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I was asked to use type only for this design to illustrate Open Type and it is, perhaps, my all-time favorite piece.
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This university brochure design is very stylized – yet quite simple with references to grids & vectors.

Photographic Vision & Style

One always hears about composition and the rule of thirds. It’s all about composition, focus & lighting for photographers & designers. And, I decided to do an exercise and put a rule of thirds grid over the work of a few famous artists. Sure enough – they followed the rule of thirds. 

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The work of Lewis Hine are inspiring – his photo, above, speaks thousands of words, follows the rule of thirds, and reminds me to never be satisfied & to keep trying.

Georges de La Tour also inspires me – his painting, below, captures light and emotion in a style which instinctively informs mine.

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Keeping them in mind along with the rule and it works well for me!

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And, if you want to see more of our work: www.awesomephotos.co

adding light…awesome

The macro R1C1 flash set up, part of the Nikon Creative Lighting System, provides the perfect portable solution to make detailed macro photos shine. This macro lighting unit is a great tool for precise food & botanical photography. The twin flash heads dramatically light culinary ingredients and complex floral details.

As a professional photographer, one must be very concerned about light. The variable are numerous and complex. It’s wonderful to be able to develop a “lighting style” that is appealing and recognizable.

I prefer photos to be in sharp focus which requires a small f stop – f11 or higher. This small opening, combined with the length of the lens and subject to camera distance dramatically reduces the available light so it makes sense for me to add light – not bump up the iso too high. These strobes are great – literally small light boxes, attached to a ring which sits at the end of the lens. The lighting style is very contoured.  A wireless transmitter allows me to adjust the individual output.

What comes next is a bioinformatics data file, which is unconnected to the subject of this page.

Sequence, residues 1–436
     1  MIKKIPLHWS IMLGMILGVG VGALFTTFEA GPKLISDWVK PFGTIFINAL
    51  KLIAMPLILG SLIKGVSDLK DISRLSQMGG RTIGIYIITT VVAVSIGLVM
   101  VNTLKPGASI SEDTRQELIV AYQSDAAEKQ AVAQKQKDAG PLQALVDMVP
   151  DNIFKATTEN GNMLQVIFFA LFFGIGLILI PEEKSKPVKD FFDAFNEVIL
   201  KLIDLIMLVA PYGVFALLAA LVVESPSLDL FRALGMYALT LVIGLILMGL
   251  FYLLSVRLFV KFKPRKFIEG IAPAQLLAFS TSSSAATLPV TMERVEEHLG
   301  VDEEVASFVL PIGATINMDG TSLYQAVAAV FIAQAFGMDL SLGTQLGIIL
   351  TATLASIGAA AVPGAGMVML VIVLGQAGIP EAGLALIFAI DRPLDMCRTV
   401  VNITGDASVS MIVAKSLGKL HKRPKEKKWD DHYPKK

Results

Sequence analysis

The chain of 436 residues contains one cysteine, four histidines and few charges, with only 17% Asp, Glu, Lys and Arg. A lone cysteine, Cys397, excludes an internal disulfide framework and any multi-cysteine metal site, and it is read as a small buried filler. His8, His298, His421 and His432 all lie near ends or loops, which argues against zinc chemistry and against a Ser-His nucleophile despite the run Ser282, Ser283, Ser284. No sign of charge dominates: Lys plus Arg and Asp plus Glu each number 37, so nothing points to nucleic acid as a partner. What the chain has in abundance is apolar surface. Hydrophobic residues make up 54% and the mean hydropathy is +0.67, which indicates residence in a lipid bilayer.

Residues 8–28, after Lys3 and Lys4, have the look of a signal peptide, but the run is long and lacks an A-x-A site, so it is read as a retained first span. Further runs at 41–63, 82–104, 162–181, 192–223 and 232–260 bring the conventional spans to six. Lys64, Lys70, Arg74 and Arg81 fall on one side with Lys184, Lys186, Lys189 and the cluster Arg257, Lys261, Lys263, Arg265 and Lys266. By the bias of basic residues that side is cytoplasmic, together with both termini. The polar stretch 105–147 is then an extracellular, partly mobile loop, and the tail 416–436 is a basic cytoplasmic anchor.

4803_R1C1-Wireless-Close-Up-Speedlight-System_frontSome more info about the unit from the Nikon site:

http://www.nikonusa.com/en/nikon-products/product/flashes/r1c1-wireless-close-up-speedlight-system.html

People are typically curious abut this unit which adds a bit of substance to my camera’s footprint. I really enjoy taking the time to explain how this system works!!! From what I understand, the unit was originally developed for dental photography. I always shoot with my 105mm Nikon micro. If, for example, I am using the 85mm Nikon portrait lens, the R1C1 does not provide enough light. We are talking close.

Currently there is a Chihuly exhibit at the New York Botanical Gardens. Most of the photos I’ve noticed on NYBG’s FLICKR Group provide a broader point of view.  The photos above are fragraments of a blade of green glass from the Chihuly show.

A while back  I read a very interesting blog post from the New York Botanical Gardens. The author talked about a moss/fern spore that was used to make flash powder for view cameras in “the days of old.” Such an amazing connection between plants and photography.

And to see more of our work, visit: www.awesomephotos.co